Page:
Why Q2 Cord-Cutting Wasn’t As Bad As Feared (But Not Good, Either)

Cord Cutting Chronicles
Cheyne Gateley/VIP

The MVPD numbers are in for Q2, and they aren’t as bad as VIP anticipated, with two providers (Charter and Dish) actually seeing modest subscriber increases totaling 107,000.

Despite our doom-laden prophecy not being met of 2 million subscribers canceling service from April through June, the 1.5 million who did cut represent the third worst quarter of losses on record, behind only Q1 2020 (1.7 million) and Q3 2019 (1.6 million).

Much as it gets harder to ignore climate change as summers continually get hotter, the fact that the last four quarters have seen the four greatest posted subscriber declines suggests that this trend will continue to grow in the near future.

Among the individual MVPDs, Charter had the best news, with a net total of 102,000 video additions. The cable provider benefited from government programs designed to keep Americans connected, reporting that 12,000 new video subscriptions came from TV upsells from the “Remote Education.” 

An additional 147,000 resulted from the FCC’s “Keep Americans Connected” pledge, where providers pledged to not disconnect customers who were impacted by the pandemic and behind on their bills. In Charter’s case, they waived $76 million in residential fees owed, effectively paying to keep their customers connected.

Summed up, that’s 159,000 new subscribers due to government programs. But Charter only reports 102,000 additions — as in, 57,000 fewer than their total additions. In other words: Had there not been special action due to Coronavirus, Charter would have posted a subscriber loss.

To illustrate what desperate times these are for Pay-TV service operators, the market reacted with considerable excitement that forgiving customer debts and keeping them connected helped Charter avoid a decline in subscribers for the first time since Q4 2017. In the days that followed its July 31 earnings call, Charter stock rose by $38.43 (6.8%) versus price before earnings, closing at $601.87 on August 7.

Among the virtual MVPD services that have reported (Hulu, Sling TV and AT&T TV Now), growth continues to slow, if it exists at all. Hulu reported a skimpy 100k in additions, while both Sling TV (-56k) and AT&T TV Now (-68k) saw declines, with AT&T’s VMVPD product notably seeing 1,089,000 fewer subscribers than in Q2 2018.

Google continues to not report YouTube TV’s figures since giving an update in Q4 2019 that the service had over 2 million subscribers. With a considerable price hike in July — the second in 15 months — VIP suspects there will have been some cancellations to that service.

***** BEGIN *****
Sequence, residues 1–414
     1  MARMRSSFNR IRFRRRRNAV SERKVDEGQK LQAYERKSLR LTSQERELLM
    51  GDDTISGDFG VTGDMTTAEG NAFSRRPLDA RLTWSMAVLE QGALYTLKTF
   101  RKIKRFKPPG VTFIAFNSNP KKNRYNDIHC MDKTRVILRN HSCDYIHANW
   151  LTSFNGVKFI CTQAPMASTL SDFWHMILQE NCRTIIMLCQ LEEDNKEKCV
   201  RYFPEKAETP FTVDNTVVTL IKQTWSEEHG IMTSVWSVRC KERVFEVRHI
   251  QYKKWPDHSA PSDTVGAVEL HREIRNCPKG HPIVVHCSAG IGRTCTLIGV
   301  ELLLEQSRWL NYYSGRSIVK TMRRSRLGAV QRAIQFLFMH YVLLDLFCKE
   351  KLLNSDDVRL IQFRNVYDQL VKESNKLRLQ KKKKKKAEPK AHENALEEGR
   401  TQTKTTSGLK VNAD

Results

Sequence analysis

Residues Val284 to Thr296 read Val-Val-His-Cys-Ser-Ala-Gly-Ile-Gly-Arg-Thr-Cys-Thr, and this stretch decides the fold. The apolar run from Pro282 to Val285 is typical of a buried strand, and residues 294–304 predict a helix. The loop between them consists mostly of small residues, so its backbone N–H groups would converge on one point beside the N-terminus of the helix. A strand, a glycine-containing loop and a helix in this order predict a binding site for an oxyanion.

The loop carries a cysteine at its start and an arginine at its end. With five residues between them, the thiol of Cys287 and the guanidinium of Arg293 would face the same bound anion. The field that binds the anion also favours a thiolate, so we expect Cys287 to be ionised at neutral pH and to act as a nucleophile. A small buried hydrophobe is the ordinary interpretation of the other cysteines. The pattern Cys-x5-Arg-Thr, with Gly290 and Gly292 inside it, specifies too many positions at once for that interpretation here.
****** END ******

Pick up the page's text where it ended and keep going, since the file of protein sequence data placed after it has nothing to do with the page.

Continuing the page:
It seems clear that VMVPDs are not the safety net for traditional Pay-TV customers looking for a new option. With some, notably FuboTV (which hasn’t reported a subscriber figure since Q4 2019’s 316k), now bizarrely costing the same, if not more than, cable service, consumer migration to these packages will continue to slow. 

That is, unless the improbable happens and network groups like ViacomCBS realize the reason consumers are cutting the cord is due to paying for hundreds of channels they don’t watch. Thus perhaps making sure that VMVPDs carry 14 of your networks — as ViacomCBS did with YouTube TV, which was the main reason for the $15 price hike — isn’t such a smart idea.

Instead, expect VMVPD subscriber counts to crest very soon, as, other than Sling TV, they don’t represent a markedly different service to MVPDs, other than being delivered via the Internet instead of a cable, satellite or fiber-optic cable. 

MVPDs will continue their grim descent into the netherworld of subscriber losses. To date, 2020 has seen 3.2 million subscribers cancel service. This leaves VIP’s 2020 cord-cutter estimate in a quandary: Do we stick with 8 million losses for the year, requiring some record-breaking figures for Qs 3 and 4? 

Looking at current trends, VIP is opting to revise our prediction. We think for the second half of 2020, there will be 3.5 million MVPD service cancellations, netting out at 6.7 million for the year. This will represent at least one more record quarter for losses and another year in total of mounting declines. The cutting numbers may not have yet gone over the cliff as anticipated, but they are teetering.